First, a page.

My insides were twisting themselves into knots from the hunger. I found myself coughing, doubling over on the floor.
My head was spinning. What the fuck was going on? Where was everybody? I coughed and choked until I spat up blood. My skin was itching all over. I scratched and scratched until my nails felt thick with my own skin. I stopped, knelt on the floor and stared down. My breathing returned to normal, my heart slowed down until all I could hear was the silence. The silence, and a scratching noise.
I stopped, listening incredulously. It was the first sound I’d heard all day that I didn’t make myself.
I crawled toward the noise. It was coming from the other side of the store, but I tried to stay low and quiet. As I got closer, I could make out a throaty, wheezing breath as well. I came around the corner onto the aisle adjacent to the sound and saw footprints, blood like the ones in my bedroom.
Suddenly the scratching stopped. I looked up, towards the sound of breathing. I rose to my feet, clutching my bat tighter than ever.
Suddenly, I saw someone run towards the door. I chased after them, got a good look as they crashed out into the street.
They weren’t human. Not quite. The body was the same, but there was no skin. Just muscle, and blood. Blood everywhere, dripping from the fingertips, pooling on the floor. The figure stopped just outside and looked back at me. I could see the round, bulbous eyes in their red cavities. There were no eyelids. I took a step forward and it stepped back, shaking its head. I took another step and it turned and bolted away from me. I walked out into the street but I couldn’t see it anywhere. Just endless, silent emptiness.
I dropped to the floor.
The sun was high above me.
I don’t know how long I sat there. Nothing moved. The sun crept along the sky, the shadows swung along the floor.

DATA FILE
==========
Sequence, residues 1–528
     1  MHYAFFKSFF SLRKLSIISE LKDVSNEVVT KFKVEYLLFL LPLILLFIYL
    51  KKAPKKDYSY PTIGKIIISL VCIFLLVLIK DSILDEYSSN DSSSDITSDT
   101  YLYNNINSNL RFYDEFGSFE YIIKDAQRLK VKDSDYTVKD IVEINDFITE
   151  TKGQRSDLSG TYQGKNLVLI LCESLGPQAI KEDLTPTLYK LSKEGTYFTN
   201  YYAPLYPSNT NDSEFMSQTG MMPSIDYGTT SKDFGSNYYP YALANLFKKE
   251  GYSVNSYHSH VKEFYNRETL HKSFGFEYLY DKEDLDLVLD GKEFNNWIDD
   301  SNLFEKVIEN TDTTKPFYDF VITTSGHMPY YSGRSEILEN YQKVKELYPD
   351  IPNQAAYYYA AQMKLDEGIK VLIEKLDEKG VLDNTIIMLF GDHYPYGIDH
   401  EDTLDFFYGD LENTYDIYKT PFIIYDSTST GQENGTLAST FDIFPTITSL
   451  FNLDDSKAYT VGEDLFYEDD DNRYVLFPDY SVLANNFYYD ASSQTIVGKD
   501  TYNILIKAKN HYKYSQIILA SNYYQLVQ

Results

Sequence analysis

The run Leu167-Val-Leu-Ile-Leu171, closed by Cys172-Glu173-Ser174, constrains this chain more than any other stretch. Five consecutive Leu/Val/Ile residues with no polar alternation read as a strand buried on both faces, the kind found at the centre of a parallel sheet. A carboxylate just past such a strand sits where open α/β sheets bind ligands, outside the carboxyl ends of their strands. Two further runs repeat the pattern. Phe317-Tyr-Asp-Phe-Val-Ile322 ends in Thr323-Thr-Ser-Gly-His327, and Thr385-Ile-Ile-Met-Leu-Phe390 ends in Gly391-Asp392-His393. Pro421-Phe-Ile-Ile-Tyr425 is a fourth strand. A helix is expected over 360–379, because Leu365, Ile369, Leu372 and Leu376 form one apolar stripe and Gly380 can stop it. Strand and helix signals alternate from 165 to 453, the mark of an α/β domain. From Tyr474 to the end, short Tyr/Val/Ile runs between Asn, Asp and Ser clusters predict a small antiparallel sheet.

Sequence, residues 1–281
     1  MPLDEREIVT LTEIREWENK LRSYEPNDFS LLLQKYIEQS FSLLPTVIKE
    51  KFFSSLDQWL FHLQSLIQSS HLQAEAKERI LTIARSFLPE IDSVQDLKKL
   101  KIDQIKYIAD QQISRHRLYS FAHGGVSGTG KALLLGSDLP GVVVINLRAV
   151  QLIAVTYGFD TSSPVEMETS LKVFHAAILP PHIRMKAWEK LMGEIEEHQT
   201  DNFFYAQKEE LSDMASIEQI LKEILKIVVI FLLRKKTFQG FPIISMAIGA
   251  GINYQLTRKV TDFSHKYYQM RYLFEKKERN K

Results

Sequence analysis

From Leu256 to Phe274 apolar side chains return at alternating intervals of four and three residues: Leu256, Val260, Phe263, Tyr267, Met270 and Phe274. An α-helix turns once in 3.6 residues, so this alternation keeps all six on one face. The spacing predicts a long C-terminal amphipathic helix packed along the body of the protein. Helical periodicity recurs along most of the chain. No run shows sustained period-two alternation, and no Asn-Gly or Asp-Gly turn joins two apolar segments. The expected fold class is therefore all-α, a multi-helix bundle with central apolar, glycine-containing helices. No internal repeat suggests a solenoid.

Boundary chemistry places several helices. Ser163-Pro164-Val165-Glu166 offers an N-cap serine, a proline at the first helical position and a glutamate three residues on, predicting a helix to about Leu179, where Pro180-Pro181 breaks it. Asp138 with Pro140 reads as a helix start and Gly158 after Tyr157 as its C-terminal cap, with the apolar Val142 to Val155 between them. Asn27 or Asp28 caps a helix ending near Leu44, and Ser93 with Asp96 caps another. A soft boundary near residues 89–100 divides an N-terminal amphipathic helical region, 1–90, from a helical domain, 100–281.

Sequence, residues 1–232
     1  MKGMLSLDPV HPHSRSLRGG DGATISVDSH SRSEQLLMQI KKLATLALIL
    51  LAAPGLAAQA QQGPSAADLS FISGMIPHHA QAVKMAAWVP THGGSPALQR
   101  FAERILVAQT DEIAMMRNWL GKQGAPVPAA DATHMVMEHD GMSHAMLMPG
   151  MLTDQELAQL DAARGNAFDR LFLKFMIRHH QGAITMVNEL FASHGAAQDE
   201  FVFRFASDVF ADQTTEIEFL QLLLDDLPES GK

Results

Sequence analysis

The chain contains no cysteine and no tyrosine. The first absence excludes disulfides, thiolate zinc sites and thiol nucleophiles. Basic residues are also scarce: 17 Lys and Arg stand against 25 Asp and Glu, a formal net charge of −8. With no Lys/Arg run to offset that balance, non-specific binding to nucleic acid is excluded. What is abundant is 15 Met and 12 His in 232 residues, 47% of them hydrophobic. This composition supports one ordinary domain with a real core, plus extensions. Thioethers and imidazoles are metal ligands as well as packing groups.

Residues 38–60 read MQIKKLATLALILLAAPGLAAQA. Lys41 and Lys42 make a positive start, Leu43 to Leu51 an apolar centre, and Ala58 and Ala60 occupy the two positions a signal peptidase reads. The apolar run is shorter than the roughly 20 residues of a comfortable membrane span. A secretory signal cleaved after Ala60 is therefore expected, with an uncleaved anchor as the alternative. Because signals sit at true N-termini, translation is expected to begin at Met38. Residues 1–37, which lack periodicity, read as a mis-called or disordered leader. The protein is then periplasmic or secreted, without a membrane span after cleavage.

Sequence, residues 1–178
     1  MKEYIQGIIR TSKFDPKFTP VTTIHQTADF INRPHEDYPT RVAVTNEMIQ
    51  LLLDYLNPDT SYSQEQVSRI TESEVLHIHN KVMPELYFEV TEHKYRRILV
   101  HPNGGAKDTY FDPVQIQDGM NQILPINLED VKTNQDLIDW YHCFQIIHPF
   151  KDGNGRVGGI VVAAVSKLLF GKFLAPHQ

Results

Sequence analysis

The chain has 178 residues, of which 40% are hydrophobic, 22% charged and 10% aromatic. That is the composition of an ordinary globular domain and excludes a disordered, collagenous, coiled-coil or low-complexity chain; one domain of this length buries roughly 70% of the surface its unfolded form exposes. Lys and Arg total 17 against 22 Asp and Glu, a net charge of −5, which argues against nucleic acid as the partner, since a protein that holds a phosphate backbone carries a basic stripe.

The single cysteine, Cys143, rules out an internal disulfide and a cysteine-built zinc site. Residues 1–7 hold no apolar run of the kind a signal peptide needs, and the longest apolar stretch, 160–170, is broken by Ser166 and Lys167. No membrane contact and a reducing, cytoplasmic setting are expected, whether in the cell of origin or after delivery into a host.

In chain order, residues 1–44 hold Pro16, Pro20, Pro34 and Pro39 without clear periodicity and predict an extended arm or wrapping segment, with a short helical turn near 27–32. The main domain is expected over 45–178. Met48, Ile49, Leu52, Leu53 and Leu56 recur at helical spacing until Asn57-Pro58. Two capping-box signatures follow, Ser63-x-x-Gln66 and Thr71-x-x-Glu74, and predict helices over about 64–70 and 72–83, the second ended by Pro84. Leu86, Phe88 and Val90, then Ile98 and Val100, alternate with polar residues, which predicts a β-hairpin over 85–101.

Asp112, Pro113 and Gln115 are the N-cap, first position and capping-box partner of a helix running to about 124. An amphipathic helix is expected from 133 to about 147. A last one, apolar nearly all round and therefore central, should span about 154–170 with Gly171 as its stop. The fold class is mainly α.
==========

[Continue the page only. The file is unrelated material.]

I kept scratching at my arms. I didn’t even notice them bleeding. As the sky grew darker, it got colder and colder, but I didn’t feel like moving. At some point I must have fallen asleep because suddenly the sky was the dull orange of early morning. I shivered, sat up and looked out into the inky darkness. Over the street, I saw them. A line of humanoid figures, their round, unblinking eyes staring.
My heart jumped into my mouth. I sat and stared back, scratching an itch on my wrist. They weren’t moving. Nothing was moving. It was cold but I was sweating. My entire body was itching. I looked down at my body. My clothes were red from my own blood. I ripped them off.
When I looked up, they were still there, but one of them was walking towards me. As it got closer, I could see it more clearly. It was like the other one, all muscle and bone and blood, like a biology class illustration.
It stopped a few yards away and stood still, staring at me like before.
I was too scared to move. I was cold, and itching more than ever. I barely even noticed I was naked. I just kept scratching, all over my skin. When the itching stopped, I’d be able to stop moving. Then maybe they’d leave me alone. I was tearing into myself, ripping bits off. It was painful, but it was a good pain. It set me free.